The authors acknowledge that the current public health crisis—the opioid epidemic—is complex and multifactorial, and that prescribing patterns are not the only factors, but that they do represent one aspect of the opioid crisis. The authors outlined some descriptive epidemiology of the current public health crisis of opioid overdose deaths, understanding that the current epidemiology itself is complex and that the response to the epidemic requires a multifaceted approach. Acknowledging that medical literature supports that long-term use of opioids typically yields few long-term improvements in pain and function, the article aimed to introduce multimodal approaches for patients with work-related or non-work-related chronic noncancer pain, to introduce the WorkSafeBC physician hotline for community prescribers (who manage patients with chronic noncancer pain), and to inform community physicians of a teaching module developed by WorkSafeBC that delivers educational outreach to community physicians in supporting their patients with chronic noncancer pain. These evidence-based educational modules available to community physicians, pharmacists, nurse practitioners, and other health care providers provide an evidence-based multimodal approach to pain management for patients and cover both the pharmacologic and nonpharmacologic treatments, the educational materials, and the current College standards on opioid prescribing.
—Peter Rothfels, MD
WorkSafeBC Chief Medical Officer and Director of Clinical Services
—Olivia Sampson, MD, CCFP, MPH, FRCPC, ABPM
WorkSafeBC Manager of Clinical Services
This letter was submitted in response to “Re: WorkSafeBC’s multimodal approach to chronic noncancer pain management.”
1. National Academies of Sciences, Engineering, and Medicine; Health and Medicine Division; Board on Health Sciences Policy; Committee on Pain Management and Regulatory Strategies to Address Prescription Opioid Abuse; Phillips JK, Ford MA, Bonnie RJ, editors. Pain management and the opioid epidemic: Balancing societal and individual benefits and risks of prescription opioid use. Washington, DC: National Academies Press US; 2017.
3. College of Physicians and Surgeons of British Columbia. Practice standard: Safe prescribing of opioids and sedatives. 16 January 2019. Accessed 17 December 2019. www.cpsbc.ca/files/pdf/PSG-Safe-Prescribing.pdf.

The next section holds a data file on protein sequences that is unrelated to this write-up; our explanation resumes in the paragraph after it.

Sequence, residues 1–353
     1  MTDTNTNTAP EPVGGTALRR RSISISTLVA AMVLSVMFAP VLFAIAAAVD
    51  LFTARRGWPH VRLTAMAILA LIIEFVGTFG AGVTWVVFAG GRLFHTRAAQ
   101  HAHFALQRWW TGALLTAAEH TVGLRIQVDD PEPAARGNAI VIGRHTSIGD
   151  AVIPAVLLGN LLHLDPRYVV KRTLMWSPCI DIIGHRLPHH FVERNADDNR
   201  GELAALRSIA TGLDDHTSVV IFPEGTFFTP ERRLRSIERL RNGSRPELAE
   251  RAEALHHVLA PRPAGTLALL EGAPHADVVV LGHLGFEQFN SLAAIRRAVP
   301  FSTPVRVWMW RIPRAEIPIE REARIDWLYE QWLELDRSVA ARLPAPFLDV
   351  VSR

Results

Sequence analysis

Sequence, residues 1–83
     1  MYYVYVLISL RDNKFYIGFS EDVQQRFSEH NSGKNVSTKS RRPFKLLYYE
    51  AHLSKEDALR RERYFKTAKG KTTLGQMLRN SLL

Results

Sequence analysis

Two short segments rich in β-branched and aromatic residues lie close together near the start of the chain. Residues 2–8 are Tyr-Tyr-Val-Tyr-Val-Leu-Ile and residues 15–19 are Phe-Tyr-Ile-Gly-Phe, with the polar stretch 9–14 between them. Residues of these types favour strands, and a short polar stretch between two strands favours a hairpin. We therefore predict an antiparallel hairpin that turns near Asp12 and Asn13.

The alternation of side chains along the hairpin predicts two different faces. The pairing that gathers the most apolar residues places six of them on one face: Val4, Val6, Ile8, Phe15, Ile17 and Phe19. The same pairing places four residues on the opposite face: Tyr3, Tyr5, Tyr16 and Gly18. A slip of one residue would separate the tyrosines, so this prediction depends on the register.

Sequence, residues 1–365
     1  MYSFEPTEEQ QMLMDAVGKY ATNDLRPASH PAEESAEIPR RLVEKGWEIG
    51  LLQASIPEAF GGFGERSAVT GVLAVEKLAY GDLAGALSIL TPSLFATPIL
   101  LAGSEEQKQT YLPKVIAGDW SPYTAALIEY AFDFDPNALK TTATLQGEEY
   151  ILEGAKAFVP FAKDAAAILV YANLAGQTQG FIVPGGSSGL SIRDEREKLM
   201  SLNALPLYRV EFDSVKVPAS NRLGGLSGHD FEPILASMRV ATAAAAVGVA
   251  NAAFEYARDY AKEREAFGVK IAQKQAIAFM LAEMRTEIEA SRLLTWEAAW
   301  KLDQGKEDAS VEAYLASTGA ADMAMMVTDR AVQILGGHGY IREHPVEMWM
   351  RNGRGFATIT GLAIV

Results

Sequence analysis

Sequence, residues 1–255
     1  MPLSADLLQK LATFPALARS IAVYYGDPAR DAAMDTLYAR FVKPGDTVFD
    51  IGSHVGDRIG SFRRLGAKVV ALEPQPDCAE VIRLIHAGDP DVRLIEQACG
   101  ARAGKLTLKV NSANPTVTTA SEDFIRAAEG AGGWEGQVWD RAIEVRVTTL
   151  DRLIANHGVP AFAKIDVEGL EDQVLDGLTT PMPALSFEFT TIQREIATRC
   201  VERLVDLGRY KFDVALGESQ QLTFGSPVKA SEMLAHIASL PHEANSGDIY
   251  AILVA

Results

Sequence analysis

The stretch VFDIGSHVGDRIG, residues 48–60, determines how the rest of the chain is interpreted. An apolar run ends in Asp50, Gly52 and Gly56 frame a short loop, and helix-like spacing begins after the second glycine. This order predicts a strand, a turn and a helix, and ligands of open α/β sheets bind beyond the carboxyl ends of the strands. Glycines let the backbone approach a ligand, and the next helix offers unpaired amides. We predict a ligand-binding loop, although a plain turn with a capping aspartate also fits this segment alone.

Above is the information needed to cite this article in your paper or presentation. The International Committee
of Medical Journal Editors (ICMJE) recommends the following citation style, which is the now nearly universally
accepted citation style for scientific papers:
Halpern SD, Ubel PA, Caplan AL, Marion DW, Palmer AM, Schiding JK, et al. Solid-organ transplantation in HIV-infected patients. N Engl J Med. 2002;347:284-7.
About the ICMJE and citation styles
The ICMJE is small group of editors of general medical journals who first met informally in Vancouver, British Columbia, in 1978 to establish guidelines for the format of manuscripts submitted to their journals. The group became known as the Vancouver Group. Its requirements for manuscripts, including formats for bibliographic references developed by the U.S. National Library of Medicine (NLM), were first published in 1979. The Vancouver Group expanded and evolved into the International Committee of Medical Journal Editors (ICMJE), which meets annually. The ICMJE created the Recommendations for the Conduct, Reporting, Editing, and Publication of Scholarly Work in Medical Journals to help authors and editors create and distribute accurate, clear, easily accessible reports of biomedical studies.
An alternate version of ICMJE style is to additionally list the month an issue number, but since most journals use continuous pagination, the shorter form provides sufficient information to locate the reference. The NLM now lists all authors.
BCMJ standard citation style is a slight modification of the ICMJE/NLM style, as follows:
- Only the first three authors are listed, followed by "et al."
- There is no period after the journal name.
- Page numbers are not abbreviated.
For more information on the ICMJE Recommendations for the Conduct, Reporting, Editing, and Publication of Scholarly Work in Medical Journals, visit www.icmje.org